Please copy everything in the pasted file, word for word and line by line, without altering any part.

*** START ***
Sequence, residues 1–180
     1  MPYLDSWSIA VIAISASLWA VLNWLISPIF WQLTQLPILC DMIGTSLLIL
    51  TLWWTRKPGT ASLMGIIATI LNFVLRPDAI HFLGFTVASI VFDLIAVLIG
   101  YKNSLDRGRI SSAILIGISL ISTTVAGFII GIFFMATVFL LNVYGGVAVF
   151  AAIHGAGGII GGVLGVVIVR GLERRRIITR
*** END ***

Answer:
Sequence, residues 1–180
     1  MPYLDSWSIA VIAISASLWA VLNWLISPIF WQLTQLPILC DMIGTSLLIL
    51  TLWWTRKPGT ASLMGIIATI LNFVLRPDAI HFLGFTVASI VFDLIAVLIG
   101  YKNSLDRGRI SSAILIGISL ISTTVAGFII GIFFMATVFL LNVYGGVAVF
   151  AAIHGAGGII GGVLGVVIVR GLERRRIITR